In People v. Farley (1979) 90 Cal.App.3d 851, 865 [153 Cal.Rptr. 695], the Court of Appeal stressed that "defendant is denied the effective assistance of counsel if, by reason of counsel's failure to perform the obligations imposed upon him, defendant is deprived of an adjudication of a crucial or potentially meritorious defense." (Cited with approval in In re Hall, supra, 30 Cal.3d at p. 434.) Moreover, we have added: "A crucial defense is not necessarily one which, if presented, 'would result inexorably in a defendant's acquittal.' [Citations.]" (People v. Pope, supra, 23 Cal.3d at p. 425, fn. 15.)
[1c] The defense here was alibi; defendant claims that he was elsewhere and that the evidence supports his contention that he could not have been in the market at the time the crime was committed. As the referee found, by failing to inquire into the factual basis for his client's claims, and by failing to present any defense, counsel effectively chose to enter a "slow plea" of guilty at the revocation proceeding. The prosecution knew in advance of the potential alibi defense, at least in part, from information given by defendant's probation officer. Defendant gained no apparent benefit from the effective concession of revocation: the underlying criminal charges were not dismissed until later because of the unrelated disappearance of Rebhi Ayesh, and there was no "deal" made regarding future sentencing on those charges.
 In People v. Frierson (1979) 25 Cal.3d 142 [158 Cal.Rptr. 281, 599 P.2d 587], counsel failed to investigate a diminished capacity defense, although he ultimately attempted to raise such a defense. We explained "By his inaction, deliberate or otherwise, counsel deprived himself of the reasonable bases upon which to reach informed tactical and strategic trial decisions [35 Cal.3d 542] .... [¶] [E]ven tactical decisions may demonstrate incompetence if made without the benefit of 'substantial factual inquiry.'" (P. 163.)
[1d] Applying the above principles, we conclude that while counsel's omissions might have been based on otherwise proper tactical considerations, nevertheless counsel acted without adequately investigating his client's defense. His decisions relative to the tactics available therefore were not "informed" decisions within our Frierson rationale, and so effectively deprived defendant of the presentation of a potentially meritorious defense. While respectfully disagreeing with his ultimate conclusion, we concur with the referee's characterization of the alibi defense as "arguable." As indicated, the record reveals substantial corroboration of the alibi defense which, although it might not have prevailed, at least had the potential of prevailing and was sufficient to warrant an adjudication. Under all of the circumstances, we therefore conclude that counsel failed to meet the standard enunciated in People v. Pope, supra, 23 Cal.3d 412.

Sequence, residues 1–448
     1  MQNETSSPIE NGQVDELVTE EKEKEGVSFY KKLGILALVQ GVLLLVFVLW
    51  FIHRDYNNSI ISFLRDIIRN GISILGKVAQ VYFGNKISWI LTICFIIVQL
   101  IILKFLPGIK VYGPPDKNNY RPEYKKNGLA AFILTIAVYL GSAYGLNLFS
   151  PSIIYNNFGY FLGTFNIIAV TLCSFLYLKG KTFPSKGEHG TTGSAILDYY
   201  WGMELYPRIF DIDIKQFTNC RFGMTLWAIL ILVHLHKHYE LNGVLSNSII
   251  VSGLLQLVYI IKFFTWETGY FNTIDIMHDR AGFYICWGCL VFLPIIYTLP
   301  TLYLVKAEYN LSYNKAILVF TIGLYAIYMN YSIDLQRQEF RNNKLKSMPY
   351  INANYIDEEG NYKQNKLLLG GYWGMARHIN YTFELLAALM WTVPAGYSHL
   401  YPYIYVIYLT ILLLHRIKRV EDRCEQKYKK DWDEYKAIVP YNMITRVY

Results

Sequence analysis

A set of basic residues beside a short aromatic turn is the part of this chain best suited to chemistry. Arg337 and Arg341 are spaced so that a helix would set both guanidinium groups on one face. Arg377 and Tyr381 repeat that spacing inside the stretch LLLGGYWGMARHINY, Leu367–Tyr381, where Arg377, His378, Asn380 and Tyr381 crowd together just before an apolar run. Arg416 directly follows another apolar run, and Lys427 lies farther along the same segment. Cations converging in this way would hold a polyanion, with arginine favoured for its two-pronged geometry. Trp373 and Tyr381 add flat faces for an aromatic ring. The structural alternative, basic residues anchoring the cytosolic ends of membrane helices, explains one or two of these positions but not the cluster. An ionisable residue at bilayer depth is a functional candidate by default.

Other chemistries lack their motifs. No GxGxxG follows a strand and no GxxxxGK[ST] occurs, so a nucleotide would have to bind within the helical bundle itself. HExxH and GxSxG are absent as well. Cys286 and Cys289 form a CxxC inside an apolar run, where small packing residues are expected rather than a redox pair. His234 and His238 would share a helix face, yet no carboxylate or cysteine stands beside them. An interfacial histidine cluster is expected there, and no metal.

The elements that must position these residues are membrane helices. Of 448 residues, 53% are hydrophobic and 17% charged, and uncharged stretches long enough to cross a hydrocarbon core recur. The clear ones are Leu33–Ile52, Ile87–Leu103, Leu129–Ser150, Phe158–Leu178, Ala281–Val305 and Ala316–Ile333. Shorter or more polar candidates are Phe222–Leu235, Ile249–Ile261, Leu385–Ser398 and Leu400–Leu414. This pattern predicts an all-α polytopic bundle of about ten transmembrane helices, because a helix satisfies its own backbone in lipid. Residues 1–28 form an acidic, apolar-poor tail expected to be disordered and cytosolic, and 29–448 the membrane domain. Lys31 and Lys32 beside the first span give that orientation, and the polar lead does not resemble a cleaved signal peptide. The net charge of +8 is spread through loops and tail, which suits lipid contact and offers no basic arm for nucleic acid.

Because our foregoing conclusion is dispositive of the issues before us, we need not consider defendant's other claims, including his assertion that counsel's failure to request a lineup before the preliminary examination and his choice instead to utilize a different procedure (see People v. Green (1979) 95 Cal.App.3d 991 [157 Cal.Rptr. 520]), also constituted ineffective assistance of counsel.
[7a] For the court's benefit in the event of a rehearing of the revocation proceedings, we touch briefly on the duties of an interpreter.
We fully agree with the referee that in the matter before us there was no showing that counsel was necessarily inadequate for failing to object to the translations at issue.  An interpreter must render a true translation of the questions posed and answers given. (Evid. Code, § 751; People v. Wong Ah Bang (1884) 65 Cal. 305, 306 [4 P. 19].) [7b] Here, the interpreter frequently reverted to the third person in his translation, and questions were often addressed to him rather than the witness. In People v. Jackson (1959) 53 Cal.2d 89, 95 [346 P.2d 389], we considered the interpreter's use of the third person and his apparent editing, explaining or interpolation of questions and answers. We stressed: "Of course, it is the duty of an interpreter to interpret and report to the court every statement as made by the witness." (See also Annots. (1948) 172 A.L.R. 923; (1971) 36 A.L.R.3d 276.) As a recent Court of Appeal decision aptly explained: "When bilingual courtroom dialog is exchanged through an interpreter, literal translation should be exacted of him, without paraphrasing, because of undetectable differences which may exist between the words spoken and his understanding of [35 Cal.3d 543] their message." (People v. Chavez (1981) 124 Cal.App.3d 215, 225 [177 Cal.Rptr. 306].)
Counsel and courts are equally cautioned to assure accurate interpretation through the use of direct questions to and answers from the witness requiring verbatim translation in order to avoid the pitfalls of paraphrasing leading to distortion or inaccuracies. However, not every refusal by counsel to object to such translations necessarily amounts to the constitutionally inadequate assistance of counsel. In the present case, as in Jackson, although the third person form was used, we fully agree with the referee that the failure to object did not amount to such a constitutional deficiency. We note that defendant has not shown any reasonable basis for concluding he was prejudiced thereby.